Donald Zuckerman, a rock 'n' roll promoter, is taking a shot at boxing with Henry Tillman, one of nine U.S. fighters to win Olympic gold medals in 1984.
Tillman, without fanfare, won the 201-pound-class Olympic title, upsetting world champion Willie deWit of Canada.
"I've only been in the game three years. I felt they deserved the attention," Tillman said of the publcity showered upon such gold-medal teammates as welterweight Mark Breland, super heavyweight Tyrell Biggs and light flyweight Paul Gonzales. Light heavyweight Evander Holyfield's controversial disqualification in the semifinals was a much bigger attention-getter than Tillman's achievement.
Breland, Biggs, Holyfield and lightweight gold medalist Pernell Whitaker turned pro in November in New York's Madison Square Garden to a roll of publicity drums and disappointing national prime-time television (ABC) ratings. Olympic featherweight champion Meldrick Taylor and Virgil Hill, the middleweight silver medalist, played non-TV roles on that card.
The 24-year-old Tillman quietly turned pro Dec. 7, knocking out Uriah Grant in the second round at Houston. He served as his own manager, but had the counsel of Mercer Smith, who taught the former Los Angeles street fighter how to box in the California Youth Authority facility at Chino.
Then Tillman met Zuckerman on an airplane, and now he will be managed by Zuckerman and backed by him and several other men, most of them in the music business as agents, managers, promoters, or all three.
They do not intend to let Tillman's pro career proceed without fanfare.
"First the cruiserweight, then the heavyweight championship of the world," Zuckerman said.
"I'm looking forward to a real nice outcome," Tillman said quietly.
"Rock 'n' roll goes jock," crowed one of the backers, Jerry Brant, who added, "I was the first one to bring the Rolling Stones to the United States."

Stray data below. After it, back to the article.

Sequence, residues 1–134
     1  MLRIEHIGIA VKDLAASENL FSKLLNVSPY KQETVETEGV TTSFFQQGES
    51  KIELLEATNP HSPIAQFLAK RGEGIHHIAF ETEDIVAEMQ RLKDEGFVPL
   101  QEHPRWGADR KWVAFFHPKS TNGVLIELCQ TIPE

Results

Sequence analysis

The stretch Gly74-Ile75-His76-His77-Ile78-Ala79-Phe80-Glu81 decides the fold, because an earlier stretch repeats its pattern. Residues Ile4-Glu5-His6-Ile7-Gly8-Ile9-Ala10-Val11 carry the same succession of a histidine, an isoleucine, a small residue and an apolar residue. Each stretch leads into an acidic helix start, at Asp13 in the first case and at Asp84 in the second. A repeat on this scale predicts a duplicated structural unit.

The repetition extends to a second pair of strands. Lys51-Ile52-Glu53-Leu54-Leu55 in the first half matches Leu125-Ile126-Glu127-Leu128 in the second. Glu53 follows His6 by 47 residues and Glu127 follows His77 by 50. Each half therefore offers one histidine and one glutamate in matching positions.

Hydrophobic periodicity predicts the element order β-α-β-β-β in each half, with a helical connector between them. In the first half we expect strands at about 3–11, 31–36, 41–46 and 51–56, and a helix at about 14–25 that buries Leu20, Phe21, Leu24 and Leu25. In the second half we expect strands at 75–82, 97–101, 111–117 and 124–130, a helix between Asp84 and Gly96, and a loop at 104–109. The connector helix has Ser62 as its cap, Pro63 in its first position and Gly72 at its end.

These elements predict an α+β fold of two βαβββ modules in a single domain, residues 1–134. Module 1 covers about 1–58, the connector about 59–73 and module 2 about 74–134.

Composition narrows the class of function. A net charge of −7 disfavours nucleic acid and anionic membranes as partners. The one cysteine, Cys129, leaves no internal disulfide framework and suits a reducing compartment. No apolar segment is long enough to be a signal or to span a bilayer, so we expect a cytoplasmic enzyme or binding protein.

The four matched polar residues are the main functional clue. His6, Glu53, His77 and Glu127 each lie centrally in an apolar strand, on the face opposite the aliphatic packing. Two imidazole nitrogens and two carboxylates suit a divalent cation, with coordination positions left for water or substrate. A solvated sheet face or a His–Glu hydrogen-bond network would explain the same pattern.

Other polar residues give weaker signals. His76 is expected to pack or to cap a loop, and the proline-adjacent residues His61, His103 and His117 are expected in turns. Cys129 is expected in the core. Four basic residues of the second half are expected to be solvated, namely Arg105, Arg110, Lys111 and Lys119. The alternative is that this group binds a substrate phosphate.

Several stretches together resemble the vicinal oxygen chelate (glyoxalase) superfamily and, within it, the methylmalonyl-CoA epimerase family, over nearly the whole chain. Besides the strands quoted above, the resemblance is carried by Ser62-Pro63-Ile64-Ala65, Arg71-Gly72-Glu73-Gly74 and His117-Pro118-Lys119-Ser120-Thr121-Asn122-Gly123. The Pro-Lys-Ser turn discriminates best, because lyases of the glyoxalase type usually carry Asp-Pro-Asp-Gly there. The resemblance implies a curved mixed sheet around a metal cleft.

It was at a restaurant owned by Brant in Manhattan's Chelsea section that Tillman was introduced recently to some New York boxing writers.
"We're naive in boxing, but we're not (naive) in promoting," Brant said.
Tillman will campaign as a cruiserweight, a class in which the limit is 195 pounds, before campaigning as a heavyweight.
"We feel the competition is weaker than in the heavyweight division," said Smith, who will continue to train Tillman. Tillman had only had 44 amateur fights.
It is not known where or when Tillman will fight for Zuckerman, et al, but it is known that Madison Square Garden is interested in using Tillman, who has moved to New York, in some club shows at the Felt Forum. Zuckerman appeared interested.
Zuckerman and his partners also do not want to get Tillman tied up with options to such promoters as Don King and Bob Arum.
"We're going to stay away from the pro promoters," Brant said.
"Don King called me and said, 'Hey, I hear you're signing Henry Tillman,' " Zuckerman said. "He never made a proposal, but he wanted to sign us for an unspecified period of time."
Said Bobby Good, the matchmaker for King, "I think he's overestimating Henry Tillman at this stage. I think he's just in the development stage. Don feels the same way."